Alton W. Knappenberger: Obituary



Alton W. Knappenberger, 84, of Boyertown, passed away Monday, June 9 at Pottstown Memorial Hospital. He was the beloved husband of Hazel (Hamlin) Knappenberger to whom he was married for over 32 years. Born December 31, 1923 in Coopersburg, he was one of six children born to the late Frank and Lottie (Greenwalt) Knappenberger.


Mr. Knappenberger served in the U.S. Army during WWII. He was a Private First Class, in the 3d Infantry Division. Mr. Knappenberger received the Congressional Medal of Honor For conspicuous gallantry and intrepidity at the risk of his life above and beyond the call of duty in action involving actual conflict with the enemy, on February 1, 1944 near Cisterna di Littoria, Italy. Pfc. Knappenberger’s intrepid action disrupted the enemy attack for over 2 hours. Mr. Knappenberger was employed at K and K Paving as a truck driver. He was a member of the American Legion of both Sellersville and Spring Mount. Mr. Knappenberger enjoyed the outdoors and taught his children and grandchildren the joys of hunting and fishing. He was very active with his children’s and grandchildren’s lives umpiring their little league games in the Pottstown little league, and playing the role of Santa on a few occasions at their schools. Mr. Knappenberger was a very loving and devoted husband, father, and grandfather.


In addition to his wife, he is survived by his children: Alton Knappenberger and his wife Nancy of Salt Lake City, Utah, Dorothy Reinert and her husband Robert of Fla., Paul Knappenberger and his wife Shirley of Pottstown, Hazel Trump of Pottstown, Mitzie Chrisman and her husband Ronald of Pottstown, and Robert Moser of Graterford; and many grandchildren, great grandchildren, and great-great grandchildren.


He was predeceased by his siblings, Elmer Knappenberger, Frances Kramer, Edie Trump, Laura Moyer, Frank Knappenberger; his children, Vickey Butler, and Sharon and Karen Knappenberger; and grandchildren, Jean Marie, and Tracy.


Relatives and friends are invited to attend his funeral service on Tuesday, June 17 at 7 pm. from the R.L. Williams, Jr. Funeral Home, Inc.   Interment will be at Arlington National Cemetery.  Contributions may be made in his memory to the Veterans Home, 1 Veterans Drive, Spring City, PA 19475-1230.



In Arlington National Cemetery, July 31, 2008, a US Army honor guard folds the American flag
that covered the coffin of the late Medal of Honor recipient Alton Knappenberger.


A US Army honor guard member presents the flag from over the coffin of the late
Medal of Honor recipient Alton Knappenberger to Knappenberger's widow Hazel.


Don Moser, left, stepson of Alton Knappenberger and Hazel Knappenberger, widow of the late Medal of Honor recipient.




"A Hero's Tribute" by Josh Drobnyk and David Venditta of The Morning Call, 1 August 2008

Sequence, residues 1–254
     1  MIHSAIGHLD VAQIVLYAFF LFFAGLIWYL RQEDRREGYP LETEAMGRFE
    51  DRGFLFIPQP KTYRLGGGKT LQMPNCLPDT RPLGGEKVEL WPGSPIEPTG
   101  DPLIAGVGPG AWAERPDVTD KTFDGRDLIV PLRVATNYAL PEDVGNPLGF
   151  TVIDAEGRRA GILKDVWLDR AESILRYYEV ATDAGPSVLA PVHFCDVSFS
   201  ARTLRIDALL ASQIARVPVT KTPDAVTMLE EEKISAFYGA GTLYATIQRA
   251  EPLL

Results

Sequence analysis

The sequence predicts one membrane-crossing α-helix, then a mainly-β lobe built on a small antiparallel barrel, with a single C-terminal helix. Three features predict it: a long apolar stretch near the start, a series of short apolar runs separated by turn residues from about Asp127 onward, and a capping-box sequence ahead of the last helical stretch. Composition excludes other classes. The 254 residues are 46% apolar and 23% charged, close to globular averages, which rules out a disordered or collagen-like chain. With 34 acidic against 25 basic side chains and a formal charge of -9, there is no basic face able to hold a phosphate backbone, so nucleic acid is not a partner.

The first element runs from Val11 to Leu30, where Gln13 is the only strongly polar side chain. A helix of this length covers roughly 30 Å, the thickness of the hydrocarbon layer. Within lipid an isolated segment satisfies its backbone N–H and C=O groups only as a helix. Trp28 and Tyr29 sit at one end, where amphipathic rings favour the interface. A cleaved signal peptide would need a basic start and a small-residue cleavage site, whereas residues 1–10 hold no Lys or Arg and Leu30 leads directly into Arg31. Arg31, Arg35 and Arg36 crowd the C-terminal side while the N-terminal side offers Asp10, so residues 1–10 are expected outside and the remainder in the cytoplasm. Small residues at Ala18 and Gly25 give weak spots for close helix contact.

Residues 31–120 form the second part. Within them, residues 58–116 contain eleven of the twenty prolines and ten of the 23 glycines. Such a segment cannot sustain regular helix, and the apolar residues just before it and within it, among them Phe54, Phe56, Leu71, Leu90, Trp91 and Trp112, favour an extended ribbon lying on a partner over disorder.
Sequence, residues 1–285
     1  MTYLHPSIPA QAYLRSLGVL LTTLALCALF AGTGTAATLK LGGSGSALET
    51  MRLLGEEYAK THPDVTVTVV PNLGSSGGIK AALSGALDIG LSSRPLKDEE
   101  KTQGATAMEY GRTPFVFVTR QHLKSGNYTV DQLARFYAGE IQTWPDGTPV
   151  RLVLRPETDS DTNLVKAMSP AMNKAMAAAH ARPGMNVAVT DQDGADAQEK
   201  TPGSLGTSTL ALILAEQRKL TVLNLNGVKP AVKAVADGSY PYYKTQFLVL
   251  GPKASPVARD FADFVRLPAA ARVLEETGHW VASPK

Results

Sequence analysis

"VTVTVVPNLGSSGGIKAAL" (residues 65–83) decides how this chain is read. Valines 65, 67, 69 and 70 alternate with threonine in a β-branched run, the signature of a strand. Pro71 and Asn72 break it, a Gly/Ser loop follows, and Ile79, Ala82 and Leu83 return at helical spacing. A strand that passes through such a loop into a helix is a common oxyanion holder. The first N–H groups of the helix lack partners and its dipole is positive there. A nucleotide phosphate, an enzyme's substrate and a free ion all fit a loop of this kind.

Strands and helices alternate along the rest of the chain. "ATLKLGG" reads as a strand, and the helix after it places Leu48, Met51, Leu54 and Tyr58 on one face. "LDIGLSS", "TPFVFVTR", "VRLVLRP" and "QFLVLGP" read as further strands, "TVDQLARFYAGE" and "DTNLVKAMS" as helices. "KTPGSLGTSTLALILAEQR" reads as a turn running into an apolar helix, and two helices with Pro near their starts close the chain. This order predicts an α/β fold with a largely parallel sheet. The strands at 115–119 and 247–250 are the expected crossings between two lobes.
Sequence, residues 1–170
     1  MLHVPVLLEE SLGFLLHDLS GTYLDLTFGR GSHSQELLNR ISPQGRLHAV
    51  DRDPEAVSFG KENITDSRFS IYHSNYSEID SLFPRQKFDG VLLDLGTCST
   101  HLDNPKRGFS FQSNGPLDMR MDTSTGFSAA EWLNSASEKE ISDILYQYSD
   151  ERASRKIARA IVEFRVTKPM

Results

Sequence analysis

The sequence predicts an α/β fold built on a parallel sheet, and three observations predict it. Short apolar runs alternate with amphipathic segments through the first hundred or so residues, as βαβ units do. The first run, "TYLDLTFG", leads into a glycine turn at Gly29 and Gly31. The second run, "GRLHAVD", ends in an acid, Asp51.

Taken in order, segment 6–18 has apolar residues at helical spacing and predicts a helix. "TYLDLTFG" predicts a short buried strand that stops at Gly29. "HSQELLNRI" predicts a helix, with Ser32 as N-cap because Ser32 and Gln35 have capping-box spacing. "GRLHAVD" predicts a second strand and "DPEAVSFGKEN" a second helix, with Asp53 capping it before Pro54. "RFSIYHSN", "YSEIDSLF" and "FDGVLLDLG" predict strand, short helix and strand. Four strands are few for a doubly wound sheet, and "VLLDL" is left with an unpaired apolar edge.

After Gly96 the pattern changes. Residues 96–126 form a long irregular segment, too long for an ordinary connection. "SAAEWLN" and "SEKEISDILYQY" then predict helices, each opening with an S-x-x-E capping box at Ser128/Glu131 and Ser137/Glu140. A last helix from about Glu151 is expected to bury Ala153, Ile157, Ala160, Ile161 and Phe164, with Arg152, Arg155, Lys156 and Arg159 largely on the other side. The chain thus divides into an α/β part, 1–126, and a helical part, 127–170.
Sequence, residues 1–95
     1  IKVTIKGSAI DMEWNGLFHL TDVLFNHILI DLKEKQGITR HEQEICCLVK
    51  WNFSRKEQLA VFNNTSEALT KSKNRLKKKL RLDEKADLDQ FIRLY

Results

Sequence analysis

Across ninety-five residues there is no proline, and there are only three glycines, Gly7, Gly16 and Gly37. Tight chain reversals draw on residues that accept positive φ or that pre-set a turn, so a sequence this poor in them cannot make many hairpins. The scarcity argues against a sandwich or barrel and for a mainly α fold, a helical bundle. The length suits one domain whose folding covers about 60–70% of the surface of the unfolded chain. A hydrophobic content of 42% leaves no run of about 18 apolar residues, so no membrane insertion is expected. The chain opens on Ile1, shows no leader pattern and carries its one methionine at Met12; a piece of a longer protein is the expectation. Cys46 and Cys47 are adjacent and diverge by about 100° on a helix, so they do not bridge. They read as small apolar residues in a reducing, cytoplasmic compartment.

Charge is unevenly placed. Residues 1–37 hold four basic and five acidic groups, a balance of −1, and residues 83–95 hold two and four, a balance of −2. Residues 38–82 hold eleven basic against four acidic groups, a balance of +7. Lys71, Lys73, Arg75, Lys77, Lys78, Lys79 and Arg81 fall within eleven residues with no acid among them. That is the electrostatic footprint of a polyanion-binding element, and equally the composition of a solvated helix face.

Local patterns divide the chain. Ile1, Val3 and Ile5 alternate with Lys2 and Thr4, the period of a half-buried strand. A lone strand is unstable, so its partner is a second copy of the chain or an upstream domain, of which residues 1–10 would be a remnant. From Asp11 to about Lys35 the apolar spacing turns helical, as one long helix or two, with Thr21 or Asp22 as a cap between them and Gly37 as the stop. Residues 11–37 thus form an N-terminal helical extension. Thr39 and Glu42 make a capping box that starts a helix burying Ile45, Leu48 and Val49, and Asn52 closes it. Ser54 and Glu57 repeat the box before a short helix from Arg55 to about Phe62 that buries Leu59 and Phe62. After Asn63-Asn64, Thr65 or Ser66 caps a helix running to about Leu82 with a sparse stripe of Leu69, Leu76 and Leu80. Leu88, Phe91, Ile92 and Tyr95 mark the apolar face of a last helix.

ARLINGTON, VA - Alton Warren Knappenberger was laid to rest at Arlington National Cemetery on Thursday, six decades after he single-handedly held off two German infantry companies in Italy, a feat that earned him the military's highest award for valor. With a Medal of Honor flag flapping in the wind and a firing party and bugler standing in the distance, four dozen family members and friends bade farewell to a man they said had long avoided the recognition that he deserved. Knappenberger, who lived near Boyertown in Earl Township, could have just as easily gone quietly to his final resting place. This was the type of sendoff Knappenberger, 84 when he died of natural causes last month, would have shied away from. ''He wouldn't have done it for himself,'' Hiedie Ott of Boyertown said of her step-grandfather's Arlington burial. ''He didn't like the fuss and stuff. .. We just thought that he deserved it. He deserved his hero's tribute.''


Knappenberger's moment came on a winter day in 1944 during his first and only combat experience during World War II. Just days after the Allied landing at Anzio, Italy, the Army private first-class disrupted a German attack for two hours as most of the 200 soldiers in his company perished. Perched on a knoll and armed with a Browning Automatic Rifle that he grabbed from a soldier that had been killed in the attack, Knappenberger crawled amid the snow-covered fields to collect ammunition from American casualties, He was credited with killing 60 enemy soldiers over two hours. As word spread of his heroics, and his commanders investigated the reports, his division's commanding general called Knappie, as he was known, a ''one-man Army.'' ''That's what you are,'' he told the private. ''A blasted one-man Army.''


Four months later in Rome, after victorious Allied forces had entered the city, Knappenberger received the Medal of Honor, ''for conspicuous gallantry and intrepidity at the risk of his life above and beyond the call of duty.'' He was one of 464 Medal of Honor recipients from World War II. Twenty-seven are still alive.